“Any time you lose positions it is very difficult to come back and get those positions back.” POLIce chief Jim Craft
LAFAYETTE — The proposed Lafayette city-parish government budget for next year strips funding for 84 vacant positions in an effort to bring expenses in line with revenue.
The City-Parish Council on Tuesday began a series of hearings on the proposed budget, which has been trimmed to reduce the dependence on a savings account that has dwindled in recent years as costs have grown faster than tax proceeds.
Among the most notable changes is the reduction of the number of authorized city-parish jobs from 2,316 to 2,232 — formally doing away with many positions that have been left vacant under a hiring freeze this year.
Some of the biggest reductions were in the budgets that the council reviewed on Tuesday for the Public Works Department, the Police Department and the Fire Department.
The strategy of cutting expenses by eliminating scores of unfilled positions prompted concerns from department heads about the ability to maintain adequate staff in the long run, although most said they could make do next year.
“Any time you lose positions it is very difficult to come back and get those positions back,” Police Chief Jim Craft said, responding to council questions about the 16 currently funded positions that he carved from his proposed budget for next year — 12 police officers, 3 records clerks and one communications supervisor.
“As soon as we can get them back, we need to get them back” Craft said.
The proposed budget nixes funding for nine unfilled firefighter positions, a cut that Fire Chief Robert Benoit said is manageable in the short term but could cause problems in the future.
The proposed reduction in funded firefighter positions comes as Benoit has urged the council to consider additional fire stations to serve Lafayette’s growing population, but the chief said staffing those stations would require hiring more firefighters.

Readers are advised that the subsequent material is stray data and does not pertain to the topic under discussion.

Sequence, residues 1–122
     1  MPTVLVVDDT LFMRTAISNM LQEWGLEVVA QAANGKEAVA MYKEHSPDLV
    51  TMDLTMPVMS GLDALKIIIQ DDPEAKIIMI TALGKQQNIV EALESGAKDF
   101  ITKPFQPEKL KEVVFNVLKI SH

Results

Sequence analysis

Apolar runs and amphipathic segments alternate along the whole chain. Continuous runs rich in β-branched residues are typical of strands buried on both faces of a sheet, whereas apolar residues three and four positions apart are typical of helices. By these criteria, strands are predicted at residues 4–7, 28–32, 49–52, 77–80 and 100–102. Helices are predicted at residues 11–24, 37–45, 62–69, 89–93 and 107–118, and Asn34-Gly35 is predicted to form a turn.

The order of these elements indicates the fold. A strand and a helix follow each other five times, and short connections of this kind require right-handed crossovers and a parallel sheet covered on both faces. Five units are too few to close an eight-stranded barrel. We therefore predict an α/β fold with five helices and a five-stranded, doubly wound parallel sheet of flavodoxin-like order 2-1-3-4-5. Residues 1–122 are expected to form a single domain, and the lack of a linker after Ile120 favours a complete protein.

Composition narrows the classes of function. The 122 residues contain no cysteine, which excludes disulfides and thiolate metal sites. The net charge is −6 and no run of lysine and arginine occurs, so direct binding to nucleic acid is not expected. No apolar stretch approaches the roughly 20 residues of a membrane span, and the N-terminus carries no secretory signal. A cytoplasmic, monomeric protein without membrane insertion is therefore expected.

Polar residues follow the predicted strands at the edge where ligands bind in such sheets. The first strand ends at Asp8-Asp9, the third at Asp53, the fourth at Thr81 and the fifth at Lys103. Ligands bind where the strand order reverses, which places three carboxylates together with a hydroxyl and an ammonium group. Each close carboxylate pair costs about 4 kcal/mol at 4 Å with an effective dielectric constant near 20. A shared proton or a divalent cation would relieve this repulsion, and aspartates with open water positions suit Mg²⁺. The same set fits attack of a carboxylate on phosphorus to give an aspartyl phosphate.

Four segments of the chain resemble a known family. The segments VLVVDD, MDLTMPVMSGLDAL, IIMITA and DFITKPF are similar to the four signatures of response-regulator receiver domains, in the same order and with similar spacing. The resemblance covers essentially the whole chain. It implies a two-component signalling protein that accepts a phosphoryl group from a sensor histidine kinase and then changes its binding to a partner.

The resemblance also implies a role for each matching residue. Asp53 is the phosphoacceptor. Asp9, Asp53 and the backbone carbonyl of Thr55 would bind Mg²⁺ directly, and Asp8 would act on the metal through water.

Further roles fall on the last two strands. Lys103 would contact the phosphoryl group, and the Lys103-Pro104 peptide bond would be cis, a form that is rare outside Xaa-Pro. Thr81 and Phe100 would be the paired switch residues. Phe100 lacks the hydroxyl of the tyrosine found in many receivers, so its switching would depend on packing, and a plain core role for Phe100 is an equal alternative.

Funding for fire and police operations has been an ongoing issue for city-parish government, and there have been discussions by the council about the possibility of a new sales tax dedicated to public safety.
“You are not going to cut yourself to prosperity,” City-Parish Chief Administrative Office Dee Stanley said. “You cannot cut yourself there; it is going to take an additional revenue source.”
The biggest single proposed cut in funded positions is in the Department of Public Works.
Next year’s proposed budget would eliminate 30 funded positions that are now vacant, but the council proposed an amendment on Tuesday to restore one of those positions.
Public Works Director Tom Carroll told council members that the “sky is not falling” and that public works has already been operating with the vacancies for several months.
But Carroll cautioned that drainage improvements, erosion control and other public works projects depend heavily on having workers in the field.
“When you eliminate those positions, you can’t do more with less; you do less with less,” Carroll said. “… We have greatly expanded our infrastructure, yet our staffing to maintain that infrastructure is going down.”
Along with the proposed reduction in funded positions, City-Parish President Joey Durel’s administration is also extending the hiring freeze that is already in place, filling only positions that the administration deems necessary.
And for the second year in a row, raises for city-parish employees are off the table, except for a state-mandated 2 percent annual raise for firefighters.
The proposed city-parish budget is about $581 million, which includes operating expenses, capital improvements and the budget for the city-owned utility system.
The city-parish budget hearings are scheduled to continue on Aug. 9.
The council is tentatively scheduled to approve the budget on Sept. 13.